0

This question already has an answer here:

I was reading the Wikipedia page of assimilation, and according to it, cupboard is pronounced /ˈkʌbərd/ and not /ˈkʌpbɔːrd/.

I see why the /b/ is merged into the /p/ sound, making cupboard sound like "cu-board", but it seems very strange to me that the /ɔ/ is reduced to just /ə/ sound.

Is "cupboard" really pronounced as /ˈkʌbərd/?

marked as duplicate by Mari-Lou A, tchrist Sep 16 '18 at 22:19

This question has been asked before and already has an answer. If those answers do not fully address your question, please ask a new question.

  • People are lazy, and it's easier to say "burd" than "board". – Hot Licks Sep 16 '18 at 20:37
  • 1
    Yes. You well know already that English spelling is not a perfect match to pronunciation, but this is one of those longer words for which you just can't know ahead of time. But you can see if you repeat the word over and over that the second syllable loses strength and the long /ɔː/ becomes a /ə/ . – Mitch Sep 16 '18 at 20:38
  • In the fullness of time, there is only ever one stressed vowel, and thus only one that is unreduced. – tchrist Sep 16 '18 at 22:24
  • I'm not convinced that this is a duplicate, but I haven't voted to re-open because I do feel like this question has a few flaws: the title is too vague (the question seems to be asking about the vowel in the second syllable, but the title just refers to the transcription of the entire word) and the question doesn't show enough research (before posting a question here, the next step after reading that Wikipedia article should have been to look at what dictionaries have to say about the pronunciation of this word). – sumelic Sep 17 '18 at 3:52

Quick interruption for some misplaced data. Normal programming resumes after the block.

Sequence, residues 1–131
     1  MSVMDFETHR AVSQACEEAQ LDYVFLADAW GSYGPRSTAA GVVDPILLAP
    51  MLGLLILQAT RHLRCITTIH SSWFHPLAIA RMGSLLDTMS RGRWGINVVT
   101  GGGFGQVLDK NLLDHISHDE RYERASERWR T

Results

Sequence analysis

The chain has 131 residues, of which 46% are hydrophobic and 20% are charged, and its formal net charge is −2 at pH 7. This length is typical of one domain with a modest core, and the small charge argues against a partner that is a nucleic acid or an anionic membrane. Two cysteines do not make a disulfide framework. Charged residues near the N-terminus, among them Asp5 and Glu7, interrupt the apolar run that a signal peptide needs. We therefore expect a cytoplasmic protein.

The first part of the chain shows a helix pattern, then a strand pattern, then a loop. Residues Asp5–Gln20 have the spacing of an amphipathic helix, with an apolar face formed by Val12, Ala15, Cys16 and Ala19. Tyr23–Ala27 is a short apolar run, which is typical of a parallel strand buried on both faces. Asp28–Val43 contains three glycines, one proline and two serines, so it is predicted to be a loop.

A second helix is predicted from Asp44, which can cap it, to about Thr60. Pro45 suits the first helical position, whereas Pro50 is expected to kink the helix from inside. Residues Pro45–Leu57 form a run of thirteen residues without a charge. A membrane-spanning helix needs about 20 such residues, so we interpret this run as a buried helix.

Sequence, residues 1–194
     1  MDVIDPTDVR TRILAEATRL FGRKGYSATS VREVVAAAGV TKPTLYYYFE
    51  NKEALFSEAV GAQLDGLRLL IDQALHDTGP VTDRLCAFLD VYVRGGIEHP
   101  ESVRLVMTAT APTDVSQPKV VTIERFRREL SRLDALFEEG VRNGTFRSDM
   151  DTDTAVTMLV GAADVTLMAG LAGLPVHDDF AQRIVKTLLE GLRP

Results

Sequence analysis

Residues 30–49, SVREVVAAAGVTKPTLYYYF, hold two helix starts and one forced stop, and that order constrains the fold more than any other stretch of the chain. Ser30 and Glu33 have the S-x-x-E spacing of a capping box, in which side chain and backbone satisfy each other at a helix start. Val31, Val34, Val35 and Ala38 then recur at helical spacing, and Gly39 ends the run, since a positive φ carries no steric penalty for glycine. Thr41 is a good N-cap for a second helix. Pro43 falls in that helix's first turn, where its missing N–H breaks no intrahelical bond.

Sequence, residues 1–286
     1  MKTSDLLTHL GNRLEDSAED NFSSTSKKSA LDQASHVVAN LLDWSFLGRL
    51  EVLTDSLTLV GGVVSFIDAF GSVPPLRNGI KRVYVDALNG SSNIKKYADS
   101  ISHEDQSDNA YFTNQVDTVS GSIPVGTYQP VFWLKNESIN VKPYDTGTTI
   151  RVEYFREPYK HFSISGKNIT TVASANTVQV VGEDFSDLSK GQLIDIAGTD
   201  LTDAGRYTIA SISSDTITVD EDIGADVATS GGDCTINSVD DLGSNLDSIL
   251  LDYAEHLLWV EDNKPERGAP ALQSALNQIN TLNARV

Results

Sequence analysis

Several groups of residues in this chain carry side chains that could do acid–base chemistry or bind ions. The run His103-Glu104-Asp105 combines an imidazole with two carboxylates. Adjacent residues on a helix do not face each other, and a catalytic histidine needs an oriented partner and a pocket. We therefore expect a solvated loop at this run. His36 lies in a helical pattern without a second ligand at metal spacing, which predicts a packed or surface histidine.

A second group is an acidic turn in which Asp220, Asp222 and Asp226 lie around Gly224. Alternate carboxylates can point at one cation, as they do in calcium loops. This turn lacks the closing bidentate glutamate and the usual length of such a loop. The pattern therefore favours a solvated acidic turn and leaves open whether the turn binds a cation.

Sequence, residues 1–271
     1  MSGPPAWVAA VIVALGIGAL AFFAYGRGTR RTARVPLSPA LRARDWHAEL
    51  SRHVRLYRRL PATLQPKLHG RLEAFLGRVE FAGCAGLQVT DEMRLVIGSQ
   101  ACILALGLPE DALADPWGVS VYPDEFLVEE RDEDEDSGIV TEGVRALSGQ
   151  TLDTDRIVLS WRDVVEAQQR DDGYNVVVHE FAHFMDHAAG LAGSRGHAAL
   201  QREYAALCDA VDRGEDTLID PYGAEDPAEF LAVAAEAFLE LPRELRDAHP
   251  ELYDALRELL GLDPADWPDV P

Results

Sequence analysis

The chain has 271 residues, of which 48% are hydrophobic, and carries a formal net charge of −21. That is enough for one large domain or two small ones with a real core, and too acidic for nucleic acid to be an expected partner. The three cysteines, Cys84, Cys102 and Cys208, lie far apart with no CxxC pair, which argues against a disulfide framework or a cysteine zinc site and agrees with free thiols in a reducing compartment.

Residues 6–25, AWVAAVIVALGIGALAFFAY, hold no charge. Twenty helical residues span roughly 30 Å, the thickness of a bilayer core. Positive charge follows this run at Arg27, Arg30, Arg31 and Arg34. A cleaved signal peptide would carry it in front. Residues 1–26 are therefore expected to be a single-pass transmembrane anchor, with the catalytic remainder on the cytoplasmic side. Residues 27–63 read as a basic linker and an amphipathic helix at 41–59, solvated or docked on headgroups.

0

With the two plosives, /pb/, in the middle, it is quite hard for English-speakers to pronounce and you end up with it sounding like two separate words and you almost end up with each syllable getting its full value /kʌp.bɔːrd/.

With it split as shown, "cu-board", it is difficult to pronounce without putting the stress on the second syllable, /kə'bɔːrd/, as we tend to make unaccented syllables neutral. Of course there is a spectrum between a full vowel and a neutral one so it may not be exactly a neutral vowel.

But I would say "cub-oard", with stress on "cub" and thus the second syllable would become fairly neutral, /'kʌbərd/. You cannot put the stress on the first syllable in "cu-board" as we cannot say /kʌ/ by itself in English. (I would say /'kʌbərd/ but that is my dialect!)

0

You can look up the pronunciation of “cupboard” in various dictionaries. They aren’t misreporting it.

To address the apparent implied question about “why”, there are a number of words in English that look like compounds (and originated as compounds), but that are (or at least may be) pronounced with a reduced vowel in the second part of the word. The suffix -man in certain words, such as “Englishman”, is another example.

Not the answer you're looking for? Browse other questions tagged or ask your own question.